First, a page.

China Began Developing Covid-19 Vaccines In Mid-November 2019 Before The Official Start Of The Outbreak : US Senate Claims


China began developing Covid-19 vaccines before the official start of the outbreak, a new report claims.

A 300-page document, compiled by the US Senate, suggests Chinese researchers started work on a vaccine programme in mid-November of 2019.


It adds to evidence that the country attempted to cover up early infections before the World Health Organisation (WHO) was informed on December 31.

The report also concludes that the pandemic most likely came from a lab leak and was the result of a 'research-related incident' in Wuhan.


And it even suggests there may have been two unintentional spill-over events just weeks apart.


The document, which was released to US news website Axios, is the full version of a 35-page summary published in October by the Senate Health, Education, Labour and Pensions Committee.


It said: 'The Covid-19 pandemic was, more likely than not, the result of a research-related incident.

'New information, made publicly available and independently verifiable, could change this assessment.

'However, the hypothesis of a natural zoonotic origin no longer deserves the benefit of the doubt, or the presumption of accuracy.' 
One section of the report focuses on China's vaccine development.


Investigations by the committee show a team led by Professor Yusen Zhou, from the Academy of Military Medical Sciences, filed a patent for a Covid-19 vaccine on February 24, 2020.


Experts interviewed by the investigators said it would have taken at least two to three months to reach this stage – suggesting work must have started in November 2019, one month before China publicly released details on the virus.


The report reads: 'This investigation found evidence that China began SARS-CoV-2 virus vaccine development no later than November 2019.

'To begin building a vaccine construct, developers had to have the full genomic sequence of SARS-CoV-2. The full genomic sequence of SARS-CoV-2 was not publicly released until January 11, 2020.

'Normally, a sample from an infected patient is used to generate the sequence. Alternatively, a sample from an infected animal could be used.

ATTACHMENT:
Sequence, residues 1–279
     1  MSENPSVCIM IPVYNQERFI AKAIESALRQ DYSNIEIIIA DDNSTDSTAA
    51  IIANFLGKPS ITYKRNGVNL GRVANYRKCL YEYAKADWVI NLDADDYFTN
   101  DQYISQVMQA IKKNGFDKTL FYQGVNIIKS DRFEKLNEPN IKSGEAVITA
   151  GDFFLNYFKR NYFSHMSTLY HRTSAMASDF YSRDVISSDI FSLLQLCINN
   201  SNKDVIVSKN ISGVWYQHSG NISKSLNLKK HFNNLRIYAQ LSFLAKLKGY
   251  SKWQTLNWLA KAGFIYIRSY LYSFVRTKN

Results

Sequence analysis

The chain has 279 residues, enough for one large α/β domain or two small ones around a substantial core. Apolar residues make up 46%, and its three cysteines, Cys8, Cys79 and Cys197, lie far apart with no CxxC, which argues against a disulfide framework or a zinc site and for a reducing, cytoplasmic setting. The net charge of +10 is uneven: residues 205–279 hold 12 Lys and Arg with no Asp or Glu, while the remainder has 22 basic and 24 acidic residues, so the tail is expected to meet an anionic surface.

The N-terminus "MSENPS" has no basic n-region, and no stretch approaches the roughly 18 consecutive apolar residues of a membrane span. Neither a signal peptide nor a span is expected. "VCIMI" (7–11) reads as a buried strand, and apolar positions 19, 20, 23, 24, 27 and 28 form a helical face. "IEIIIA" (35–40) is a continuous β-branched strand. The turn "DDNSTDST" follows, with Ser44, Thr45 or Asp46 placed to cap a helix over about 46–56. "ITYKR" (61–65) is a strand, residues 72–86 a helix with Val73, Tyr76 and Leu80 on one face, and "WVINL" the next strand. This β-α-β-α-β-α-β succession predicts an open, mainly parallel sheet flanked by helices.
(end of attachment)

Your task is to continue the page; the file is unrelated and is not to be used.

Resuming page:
'Therefore, to begin vaccine development, the People's Republic of China had to have found a human or animal infected with SARS-CoV-2 prior to mid-November 2019 in order to have time to decide to initiate a vaccine development program.'


Analysis of early circulating Wuhan Covid strains also supports the possibility of two spill-over events just weeks apart, the report adds.


Minor genetic differences in early circulating strains suggest two lineages of the same virus may have emerged at the same time and progressed on different paths, according to the assessment.


It adds that epidemiological modelling and reports of early Covid cases indicate that mid-October to mid-November 2019 was the most likely timeframe for the virus entering humans.

However, it did not offer a 'definitive' conclusion on the origin of the pandemic.


Senator Roger Marshall, who released the report earlier this week, said: 'This report is a crucial development in getting to the bottom of Covid-19's true origins and exposing the deception of those that sought to conceal how this pandemic started.

'A preponderance of evidence in this report suggests there were two separate unintentional lab leaks dating back to fall of 2019 in Wuhan, China, with significant evidence supporting that Covid-19 was a lab-created and altered virus.

'This report also concludes that the Chinese Communist Party was responding to the coronavirus months before the rest of the world was even aware of its existence, yet China failed to inform the global community of the unfolding disaster.'  

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